October 2020
Volume 20, Issue 11
Open Access
Vision Sciences Society Annual Meeting Abstract  |   October 2020
The functional forms of perceptual improvement: A multi-paradigm comparison of by-trial, subject-level models
Author Affiliations
  • Aaron Cochrane
    University of Wisconsin -- Madison
  • C. Shawn Green
    University of Wisconsin -- Madison
Journal of Vision October 2020, Vol.20, 1203. doi:https://doi.org/10.1167/jov.20.11.1203
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      Aaron Cochrane, C. Shawn Green; The functional forms of perceptual improvement: A multi-paradigm comparison of by-trial, subject-level models. Journal of Vision 2020;20(11):1203. https://doi.org/10.1167/jov.20.11.1203.

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      © ARVO (1962-2015); The Authors (2016-present)

  • Supplements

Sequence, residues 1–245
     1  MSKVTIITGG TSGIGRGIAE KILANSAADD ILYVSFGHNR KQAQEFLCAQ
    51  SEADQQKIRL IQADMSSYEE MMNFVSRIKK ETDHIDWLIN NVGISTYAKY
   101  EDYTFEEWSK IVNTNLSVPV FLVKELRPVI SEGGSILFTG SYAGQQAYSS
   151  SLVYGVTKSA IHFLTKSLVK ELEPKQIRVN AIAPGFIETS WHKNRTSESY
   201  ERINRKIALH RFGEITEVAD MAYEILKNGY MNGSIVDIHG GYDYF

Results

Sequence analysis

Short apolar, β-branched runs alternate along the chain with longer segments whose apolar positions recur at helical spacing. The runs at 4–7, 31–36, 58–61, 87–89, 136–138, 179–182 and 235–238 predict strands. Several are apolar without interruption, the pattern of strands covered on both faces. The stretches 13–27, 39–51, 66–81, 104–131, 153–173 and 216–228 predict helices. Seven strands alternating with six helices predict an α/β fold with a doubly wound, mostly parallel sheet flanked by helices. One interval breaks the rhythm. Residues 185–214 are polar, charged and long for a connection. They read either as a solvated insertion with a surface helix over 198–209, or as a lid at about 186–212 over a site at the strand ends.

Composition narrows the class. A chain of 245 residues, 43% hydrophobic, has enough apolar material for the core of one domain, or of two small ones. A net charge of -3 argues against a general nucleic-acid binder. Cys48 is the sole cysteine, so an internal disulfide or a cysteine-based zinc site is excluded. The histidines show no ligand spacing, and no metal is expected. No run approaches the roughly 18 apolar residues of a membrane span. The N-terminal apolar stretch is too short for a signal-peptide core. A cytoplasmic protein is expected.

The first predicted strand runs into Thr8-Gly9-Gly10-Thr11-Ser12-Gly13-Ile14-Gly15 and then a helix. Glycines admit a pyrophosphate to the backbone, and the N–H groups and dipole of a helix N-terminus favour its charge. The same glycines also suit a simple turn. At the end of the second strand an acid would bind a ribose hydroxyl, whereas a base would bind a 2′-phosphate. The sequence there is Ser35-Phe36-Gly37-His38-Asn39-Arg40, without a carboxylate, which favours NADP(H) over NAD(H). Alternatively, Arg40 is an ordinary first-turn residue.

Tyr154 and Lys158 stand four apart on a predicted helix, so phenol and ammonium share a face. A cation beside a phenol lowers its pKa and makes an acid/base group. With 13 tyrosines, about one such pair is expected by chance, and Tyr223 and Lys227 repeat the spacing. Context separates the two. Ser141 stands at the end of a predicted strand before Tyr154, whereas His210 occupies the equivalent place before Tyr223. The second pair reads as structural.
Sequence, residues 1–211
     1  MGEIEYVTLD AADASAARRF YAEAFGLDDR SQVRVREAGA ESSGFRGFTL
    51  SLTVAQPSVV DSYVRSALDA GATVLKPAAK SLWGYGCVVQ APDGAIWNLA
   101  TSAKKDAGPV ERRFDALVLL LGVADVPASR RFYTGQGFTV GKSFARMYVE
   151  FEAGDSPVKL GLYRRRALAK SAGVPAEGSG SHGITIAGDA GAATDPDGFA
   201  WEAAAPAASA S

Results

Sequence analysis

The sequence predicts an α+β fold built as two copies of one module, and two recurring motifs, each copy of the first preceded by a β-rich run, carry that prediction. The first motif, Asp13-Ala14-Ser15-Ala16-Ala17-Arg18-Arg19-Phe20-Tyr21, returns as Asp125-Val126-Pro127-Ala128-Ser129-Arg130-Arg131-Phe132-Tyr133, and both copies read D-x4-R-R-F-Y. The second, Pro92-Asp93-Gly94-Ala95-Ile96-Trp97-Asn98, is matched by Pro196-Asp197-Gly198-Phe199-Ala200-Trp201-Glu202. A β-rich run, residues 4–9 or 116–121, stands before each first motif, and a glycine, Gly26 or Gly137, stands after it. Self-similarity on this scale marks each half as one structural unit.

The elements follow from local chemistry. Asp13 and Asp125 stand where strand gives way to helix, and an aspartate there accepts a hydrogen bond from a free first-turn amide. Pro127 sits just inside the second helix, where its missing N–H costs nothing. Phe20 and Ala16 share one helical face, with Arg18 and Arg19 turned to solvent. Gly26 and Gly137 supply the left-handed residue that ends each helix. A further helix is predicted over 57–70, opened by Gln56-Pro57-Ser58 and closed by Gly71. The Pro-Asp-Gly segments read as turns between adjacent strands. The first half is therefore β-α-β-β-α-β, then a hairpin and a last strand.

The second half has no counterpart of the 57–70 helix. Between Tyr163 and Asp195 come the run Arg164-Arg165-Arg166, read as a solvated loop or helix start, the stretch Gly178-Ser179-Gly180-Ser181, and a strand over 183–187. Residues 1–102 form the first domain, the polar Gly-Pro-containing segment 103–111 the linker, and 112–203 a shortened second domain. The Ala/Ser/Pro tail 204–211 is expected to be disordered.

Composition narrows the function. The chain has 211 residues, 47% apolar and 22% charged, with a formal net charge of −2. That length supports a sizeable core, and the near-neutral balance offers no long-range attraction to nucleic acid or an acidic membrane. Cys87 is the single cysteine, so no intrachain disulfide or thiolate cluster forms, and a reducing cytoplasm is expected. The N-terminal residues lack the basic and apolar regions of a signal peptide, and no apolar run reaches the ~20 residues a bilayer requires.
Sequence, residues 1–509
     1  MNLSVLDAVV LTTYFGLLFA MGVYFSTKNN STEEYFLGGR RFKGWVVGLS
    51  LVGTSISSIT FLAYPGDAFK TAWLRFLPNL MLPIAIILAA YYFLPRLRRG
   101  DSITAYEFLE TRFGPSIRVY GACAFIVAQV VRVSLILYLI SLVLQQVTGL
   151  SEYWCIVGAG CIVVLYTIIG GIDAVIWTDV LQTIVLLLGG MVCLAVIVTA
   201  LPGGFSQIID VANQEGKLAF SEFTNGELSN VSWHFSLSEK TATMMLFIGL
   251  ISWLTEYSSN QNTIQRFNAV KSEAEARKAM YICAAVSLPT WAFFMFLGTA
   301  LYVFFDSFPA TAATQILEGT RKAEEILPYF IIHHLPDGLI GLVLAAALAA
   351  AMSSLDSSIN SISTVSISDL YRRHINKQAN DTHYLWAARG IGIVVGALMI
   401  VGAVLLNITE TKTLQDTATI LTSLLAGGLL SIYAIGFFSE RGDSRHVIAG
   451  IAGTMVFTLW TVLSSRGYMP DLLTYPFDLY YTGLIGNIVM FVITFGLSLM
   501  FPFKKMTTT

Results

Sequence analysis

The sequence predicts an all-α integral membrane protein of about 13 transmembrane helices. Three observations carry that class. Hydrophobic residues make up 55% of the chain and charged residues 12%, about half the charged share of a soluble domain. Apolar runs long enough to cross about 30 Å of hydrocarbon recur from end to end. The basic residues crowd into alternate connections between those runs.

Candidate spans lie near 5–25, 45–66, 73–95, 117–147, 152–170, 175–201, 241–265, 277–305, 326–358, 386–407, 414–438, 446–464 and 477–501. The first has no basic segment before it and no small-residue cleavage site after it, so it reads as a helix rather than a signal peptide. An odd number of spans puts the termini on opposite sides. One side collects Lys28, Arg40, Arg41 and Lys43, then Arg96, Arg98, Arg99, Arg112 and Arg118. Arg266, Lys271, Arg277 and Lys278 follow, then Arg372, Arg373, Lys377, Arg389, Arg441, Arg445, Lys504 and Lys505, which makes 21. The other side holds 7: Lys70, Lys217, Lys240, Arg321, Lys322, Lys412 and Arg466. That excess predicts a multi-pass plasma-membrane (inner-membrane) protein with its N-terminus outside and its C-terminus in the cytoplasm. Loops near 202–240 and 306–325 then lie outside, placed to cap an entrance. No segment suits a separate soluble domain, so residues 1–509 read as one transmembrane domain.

The mathematical functions underlying learning have implications for the empirical understanding of learning phenomena as well as the underlying processes of change giving rise to learning. Most previous studies examining the functional form of learning have aggregated data across learners, learning events [trials], or both, thereby reducing the precision of parameter estimates and possibly biasing both parameters and estimates of error. Recently visual perceptual learning has been used as a model domain to demonstrate some such detrimental implications of aggregation. However, by-trial subject-level analyses have yet to be used systematically to compare specific learning functions. Here we report two perceptual learning experiments in which participants completed at least 1200 trials of training, followed by at least 400 trials of generalization, on either an oriented-line oddball-texture-detection task (n= 32) or a dot-motion delayed nonmatch-to-sample task (n=40). Tests of generalization allowed for a unified analysis of the functional form of initial learning as well as generalization thereof. We fit five nonlinear learning functions to participant- and trial-level data to determine the functional form of learning most appropriate. Learning functions were fit from two families: exponential (3-parameter exponential, 4-parameter “double” exponential, and 4-parameter Weibull) and power (3-parameter power and 4-parameter power). Information criteria were calculated for each functional form and these were compared to determine the relative evidence supporting each function. Texture-detection learning was best fit by the three-parameter exponential function in 29 participants; the remaining 3 participants were best fit by either the three-parameter power function or the Weibull function. Dot-motion learning was best fit by the 4-parameter Weibull function (30 participants) or the 3-parameter exponential function (10 participants). These results collectively repudiate the “power law of learning” while implicating, respectively, single (in texture detection) and dual (in motion discrimination) mechanisms of change during visual perceptual learning.


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